Intel’s next-generation core-logic for enthusiasts code-named Bearlake-X will support DDR3 memory, multi-GPU technologies, refined PCI Express bus and other innovations that will attract attention of performance-minded users.
The code-named Bearlake-X chipset that will replace the Intel 975X from the top in the Q3 2007 will support PCI Express 2.0 bus with higher – 5.0GHz – clock-speed compared to current 2.5GHz, two PCI Express x16 lanes, dual-channel PC2-6400 (DDR2 800MHz) and PC3-10600 (DDR3 1333MHz) memory as well as will be compatible with microprocessors featuring 1333MHz processor system bus (PSB).
Other members of the Bearlake family will also support central processing units (CPUs) with 1333MHz PSB, but they may not necessarily support multi-GPU capabilities as well as PC3-10600 (DDR3 1333MHz) memory, limiting maximum memory speed to PC3-8500 (DDR3 1066MHz), notes HKEPC web-site.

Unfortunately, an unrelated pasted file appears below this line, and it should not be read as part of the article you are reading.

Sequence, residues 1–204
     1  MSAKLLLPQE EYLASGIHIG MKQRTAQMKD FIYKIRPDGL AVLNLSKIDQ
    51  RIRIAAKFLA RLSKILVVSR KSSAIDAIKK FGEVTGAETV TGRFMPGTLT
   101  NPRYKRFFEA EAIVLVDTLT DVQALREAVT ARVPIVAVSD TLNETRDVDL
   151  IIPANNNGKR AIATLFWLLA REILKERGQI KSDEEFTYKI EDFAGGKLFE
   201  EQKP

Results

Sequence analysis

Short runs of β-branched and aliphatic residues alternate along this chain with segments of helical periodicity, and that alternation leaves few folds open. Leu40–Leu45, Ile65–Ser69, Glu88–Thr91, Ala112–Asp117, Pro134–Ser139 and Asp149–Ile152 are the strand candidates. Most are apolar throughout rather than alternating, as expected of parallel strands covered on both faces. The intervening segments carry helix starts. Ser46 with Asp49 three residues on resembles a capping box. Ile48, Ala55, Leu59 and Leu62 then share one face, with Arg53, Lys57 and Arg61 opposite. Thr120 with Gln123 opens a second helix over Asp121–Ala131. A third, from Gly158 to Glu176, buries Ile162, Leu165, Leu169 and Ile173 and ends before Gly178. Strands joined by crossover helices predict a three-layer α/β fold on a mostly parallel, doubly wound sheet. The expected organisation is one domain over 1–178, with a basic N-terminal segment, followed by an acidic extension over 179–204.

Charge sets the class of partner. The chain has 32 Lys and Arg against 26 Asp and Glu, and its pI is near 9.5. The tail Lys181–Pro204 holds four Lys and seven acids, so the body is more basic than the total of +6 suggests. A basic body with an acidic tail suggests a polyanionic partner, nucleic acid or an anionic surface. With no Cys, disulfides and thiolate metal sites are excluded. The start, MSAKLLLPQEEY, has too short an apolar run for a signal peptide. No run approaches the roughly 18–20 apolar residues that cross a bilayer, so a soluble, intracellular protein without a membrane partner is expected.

Intel has been rumoured to support DDR3 memory in the second half of 2007 by various sources and the company itself also has implied that there is such a plan. Nevertheless, it was uncertain that the new platforms from the world’s largest chipmaker will also support PCI Express 2.0 bus technology. Even though the latter will hardly increase performance of graphics cards and other add-in components, it is likely to inspire discussions about the technology advantages, something, which may increase sales of personal computers.
DRAMeXchange predicts that DDR3 production ratio will climb to 30% of the overall DRAM production in 2008 and expects DDR3 DRAM products to replace their predecessor DDR2 as the main volume product in 2009.
Intel did not comment on the news-story.